So, You Want To Rule Hollywood



Do you know the first step to becoming a leader in the Hollywood community?  Before anything else can happen, you must acknowledge that as of this moment you lack the resources to do it… which begs an obvious question:

Who says?  What’s George Clooney or Steven Spielberg got that you don’t?  Is it about the money?  Is it about the access to opportunities?  Is it about having the trust of their collaborators?

Yes.  It’s all of these things, naturally.  Even so, these are only materials. Anyone who acquires a leadership position will naturally pick these things up along the way.  What we are really asking here is what kind of person it takes to do it.  Do I have the right stuff?  Do you?

No, I don’t.  And while most of us almost certainly do not want to hear this, you don’t either.  In fact, nobody does.  If there’s one, big secret to mega success in any field, it’s the fact that realizing that level of success requires a person to be constantly setting and achieving goals for which they are never going to be prepared.  To stay at the top of the food chain, you need to be constantly evolving.  Evolution is a skill, and it can only be learned at the risk of being eaten.  These heroes of ours are people who do their best work in high-risk situations, and they’ve taught themselves to do this by constantly demanding more of themselves than their experience and resources can comfortably deliver.  Therein lies the hardship.  If you want to rule Hollywood, do not choose the goal that is just within reach.  Choose the goal that is just OUT OF REACH.  Choose the goal you are only just incapable of accomplishing, and then trust that your resourcefulness and hard work will turn you into the person who can achieve it.  Leaders don’t just manage their success, leaders manage their GROWTH.  Own your evolution.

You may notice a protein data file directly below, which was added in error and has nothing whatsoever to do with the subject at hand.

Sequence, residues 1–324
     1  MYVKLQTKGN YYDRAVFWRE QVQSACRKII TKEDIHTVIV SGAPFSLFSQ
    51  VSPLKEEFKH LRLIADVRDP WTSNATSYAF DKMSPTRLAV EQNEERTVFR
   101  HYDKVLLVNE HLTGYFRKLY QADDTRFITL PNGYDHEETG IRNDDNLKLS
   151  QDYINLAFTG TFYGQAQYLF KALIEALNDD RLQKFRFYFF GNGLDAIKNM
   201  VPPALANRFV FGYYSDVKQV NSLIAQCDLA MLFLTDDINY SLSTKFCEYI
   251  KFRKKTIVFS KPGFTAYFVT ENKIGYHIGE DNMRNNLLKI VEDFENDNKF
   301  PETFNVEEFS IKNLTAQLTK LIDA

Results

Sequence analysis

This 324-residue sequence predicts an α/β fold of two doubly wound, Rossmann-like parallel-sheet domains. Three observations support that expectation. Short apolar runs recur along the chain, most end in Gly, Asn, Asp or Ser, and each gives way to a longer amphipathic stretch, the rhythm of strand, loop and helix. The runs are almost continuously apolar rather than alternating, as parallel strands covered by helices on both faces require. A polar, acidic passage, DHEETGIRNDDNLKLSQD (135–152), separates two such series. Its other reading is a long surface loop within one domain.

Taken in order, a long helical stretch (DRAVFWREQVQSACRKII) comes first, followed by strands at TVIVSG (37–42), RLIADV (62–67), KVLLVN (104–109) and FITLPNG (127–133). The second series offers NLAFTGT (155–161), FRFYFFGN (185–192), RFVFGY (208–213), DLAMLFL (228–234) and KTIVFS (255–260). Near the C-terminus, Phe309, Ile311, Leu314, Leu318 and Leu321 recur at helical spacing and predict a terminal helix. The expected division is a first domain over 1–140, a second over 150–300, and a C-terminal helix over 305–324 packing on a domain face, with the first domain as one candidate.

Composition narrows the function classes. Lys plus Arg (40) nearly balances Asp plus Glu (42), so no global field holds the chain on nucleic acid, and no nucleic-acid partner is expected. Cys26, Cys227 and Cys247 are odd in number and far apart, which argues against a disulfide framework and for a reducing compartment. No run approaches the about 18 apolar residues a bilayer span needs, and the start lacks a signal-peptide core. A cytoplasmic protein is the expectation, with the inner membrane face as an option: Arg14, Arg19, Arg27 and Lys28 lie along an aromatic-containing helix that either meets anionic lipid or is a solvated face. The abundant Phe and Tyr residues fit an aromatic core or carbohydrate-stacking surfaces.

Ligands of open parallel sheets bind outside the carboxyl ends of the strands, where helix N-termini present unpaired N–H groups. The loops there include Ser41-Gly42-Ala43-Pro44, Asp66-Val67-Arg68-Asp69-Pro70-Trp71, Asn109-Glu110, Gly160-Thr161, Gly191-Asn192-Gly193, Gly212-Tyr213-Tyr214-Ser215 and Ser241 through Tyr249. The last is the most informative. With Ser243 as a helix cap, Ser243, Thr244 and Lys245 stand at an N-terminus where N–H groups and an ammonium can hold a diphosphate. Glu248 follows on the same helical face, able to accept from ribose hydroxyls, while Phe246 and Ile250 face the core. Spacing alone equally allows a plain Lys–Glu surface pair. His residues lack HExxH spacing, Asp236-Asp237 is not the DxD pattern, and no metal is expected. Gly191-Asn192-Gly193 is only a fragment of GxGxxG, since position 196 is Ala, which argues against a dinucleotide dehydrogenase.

(Watch the video here)

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with Tennyson

My name is Tennyson E. Stead, and my career in entertainment began as a stagehand in the theater communities of New England.  Before my education in theater was even completed, I had built a regional client-base as a theatrical lighting designer and was expanding my business into New York. By that point, I could see what a future in theatrical design held in store for me.  There was no point in pursuing it further, so I finished my degree and left the world of design without ever looking back.  That, more or less, was when I found my interest in becoming a content creator.  My whole life,
writing had been a creative outlet for me.  That was the moment I gave it a principal place in my career and my future.  With two suitcases and a laptop bag, I moved out to Los Angeles and started looking for ways to make money off of my production experience.

Without any film school buddies to certify my work ethic, I had no chance of getting on a gaffing crew… but I quickly learned that in Hollywood, there is one job that NOBODY wants to do.  Asking for money is a part of the process nobody seems to enjoy.  I’m no fan of sales myself, but film finance is an obvious and necessary part of film production.  When the opportunity came up to learn, it struck me as an obvious way to get ahead of my competition.